Or perhaps - more prosaically - conservative economists find themselves able to be so critical of teacher salaries or of official measurements of poverty only because they themselves have no direct experience of either public school teaching or poverty. Certainly it would be fascinating to see how quickly economists based in the Heritage Foundation stopped using the ownership of old and broken-down cars as evidence of affluence if, instead of writing about the American poor from the safe distance of their warm offices, they actually experienced that poverty at first hand. Perhaps they should try living for a prolonged period of time in a North Carolina county with 20 percent unemployment and nothing but minimum wage work as far as the eye can see, without even a school diploma and perhaps a young child to support alone. No poverty? Easy to live the American Dream? Really? Somehow, I doubt it.
So what is it about modern economics that allows conservative forces in the United States to draw so heavily, and with so little public criticism, on the support of certain economists for their egregious policies? Lots of reasons, no doubt, but this one at least: the excessive credibility, given within both the academy and the wider community, to the maxims of the neo-classical school. We have far too many neo-classical economists playing the unchallenged role of public intellectuals these days. We have far too few Schumpeterian, Keynesian and radical economists engaging in a similar and a balancing activity. It is not simply that right-wing economists are well funded and carefully positioned to disseminate their values in the guise of economic truth - though that is clearly part of the problem. It is also that the counter-voice of more progressive economists is not heard in the same volume and with the same confidence and authority; and is not heard because those counter-voices are not raised with a similar degree of determination and regularity.
That situation has to change, and change rapidly. The President cannot do the heavy lifting alone, and one speech in Kansas, however good, will not be enough. Nor can a handful of already active progressive economists (people like Paul Krugman, Robert Reich, Alan Blinder, Dean Baker and Joseph Stiglitz, ), important as their writings are, be expected to carry the full burden of this crucial counter-offensive alone. There is too much at stake for that. There are progressive economic truths that the average American voter needs to hear over and over again before he/she next heads to the polls. Truths about the self-defeating and self-serving consequences of yet more deregulation, tax concessions to the rich and the culling of public services; and truths about the crucial role that greater equality can play in restoring both immediate American prosperity and the long-term realization of the American Dream. These are not truths that we should allow conservatives to dismiss as just the views of a few well-known liberal economists. It is vital that the American electorate know now that many economists hold these views; and the only way to demonstrate that is for those many economists to enter the public square and say very loudly and very often that they do.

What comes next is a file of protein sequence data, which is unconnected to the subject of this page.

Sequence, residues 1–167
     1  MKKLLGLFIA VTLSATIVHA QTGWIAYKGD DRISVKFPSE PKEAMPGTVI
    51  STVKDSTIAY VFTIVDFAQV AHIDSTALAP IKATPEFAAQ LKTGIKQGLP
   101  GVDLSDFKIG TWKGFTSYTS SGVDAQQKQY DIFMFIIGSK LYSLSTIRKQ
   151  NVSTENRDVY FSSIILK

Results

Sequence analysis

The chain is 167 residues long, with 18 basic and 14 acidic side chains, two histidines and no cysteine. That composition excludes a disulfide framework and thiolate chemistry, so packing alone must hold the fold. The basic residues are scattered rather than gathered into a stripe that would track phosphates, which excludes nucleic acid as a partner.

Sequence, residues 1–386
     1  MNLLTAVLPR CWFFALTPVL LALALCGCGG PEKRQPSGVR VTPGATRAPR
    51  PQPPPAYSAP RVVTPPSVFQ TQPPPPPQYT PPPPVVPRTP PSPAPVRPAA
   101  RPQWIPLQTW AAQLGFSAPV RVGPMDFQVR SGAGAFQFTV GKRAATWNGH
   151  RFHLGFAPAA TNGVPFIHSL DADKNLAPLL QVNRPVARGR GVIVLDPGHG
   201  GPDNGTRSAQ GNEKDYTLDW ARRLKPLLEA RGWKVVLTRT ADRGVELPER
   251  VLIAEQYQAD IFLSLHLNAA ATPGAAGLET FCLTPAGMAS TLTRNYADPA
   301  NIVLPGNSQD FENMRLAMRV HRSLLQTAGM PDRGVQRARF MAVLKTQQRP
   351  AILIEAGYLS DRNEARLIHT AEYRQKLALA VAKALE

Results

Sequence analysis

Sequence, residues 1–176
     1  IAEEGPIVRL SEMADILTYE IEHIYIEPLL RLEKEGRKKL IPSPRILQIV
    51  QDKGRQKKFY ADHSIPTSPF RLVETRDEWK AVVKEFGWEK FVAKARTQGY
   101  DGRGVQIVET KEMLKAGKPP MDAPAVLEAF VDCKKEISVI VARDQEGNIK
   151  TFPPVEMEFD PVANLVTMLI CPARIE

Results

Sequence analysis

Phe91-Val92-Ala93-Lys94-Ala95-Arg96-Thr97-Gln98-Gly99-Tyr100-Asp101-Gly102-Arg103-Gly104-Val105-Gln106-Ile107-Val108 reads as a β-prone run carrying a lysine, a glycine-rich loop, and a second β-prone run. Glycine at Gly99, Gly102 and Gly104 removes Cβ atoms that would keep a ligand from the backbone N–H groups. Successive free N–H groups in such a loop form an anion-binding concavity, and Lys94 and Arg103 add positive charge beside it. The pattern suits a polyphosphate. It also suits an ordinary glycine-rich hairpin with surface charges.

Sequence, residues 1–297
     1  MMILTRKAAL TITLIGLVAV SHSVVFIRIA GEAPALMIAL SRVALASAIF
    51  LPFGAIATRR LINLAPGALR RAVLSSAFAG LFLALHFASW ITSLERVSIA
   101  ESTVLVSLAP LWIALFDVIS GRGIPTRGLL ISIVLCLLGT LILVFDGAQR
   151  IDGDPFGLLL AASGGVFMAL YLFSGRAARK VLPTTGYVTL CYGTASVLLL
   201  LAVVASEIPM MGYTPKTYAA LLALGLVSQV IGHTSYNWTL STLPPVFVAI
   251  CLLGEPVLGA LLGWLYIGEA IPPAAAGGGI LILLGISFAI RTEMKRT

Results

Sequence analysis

This is no time, therefore, for progressive economists to stay silent in the study. With a presidential election looming that might bring a Newt Gingrich or a Mitt Romney into the White House, it is time for the voice of each and every progressive economist to be organized, heard and disseminated widely. Because if it is not, we might well end up not simply with a Republican president but with what would be even worse - every branch of the U.S. government back in the hands of the neo-cons. Do we really want another round of Middle Eastern military adventurism, with the United States this time taking out Iran? I certainly hope not. But here's the rub. The upcoming election will not be settled on foreign policy questions. It will be settled on issues of unemployment, taxation and economic growth. If progressive economists don't win the battle for the hearts and minds of the American electorate on the purely economic issues, more than socially-unjust economics will prevail in Washington DC. No: it falls on progressives to win the economic argument to make sure that conservatism doesn't sweep the board across the whole policy agenda. As I say, there is much at stake.
The dark forces of reaction are on the march again, supported in their advance by what Paul Krugman once rightly called "the product of the Dark Ages of macroeconomics in which hard-won knowledge has been forgotten." Doing nothing, saying nothing, simply lets those dark forces win by default. The OWS movement had created an audience for progressive explanations of, and solutions for, income inequality and bank irresponsibility. If progressive economists do not bring their skills to the table now, that audience will be wasted, and all the American electorate will hear will be the miscalculations and nonsense of the Heritage people. The Heritage Foundation knows well enough the importance of the hour, so why is that lesson lost on so much of the left? Disappointment with the moderation of the Obama administration may be keeping many former supporters silent on the sidelines: but this is not the moment to allow requirements for perfection to drive out support for the imperfect and the good. It is not the moment for silence from the economic left. It is exactly the opposite. It is the moment for all of us with the requisite skills to make a sustained contribution to the creation of a progressive economic consciousness in contemporary America. If we do not, and if we do not do it quickly, then heaven help us all after November 2012!
First posted, with full academic citations, at www.davidcoates.net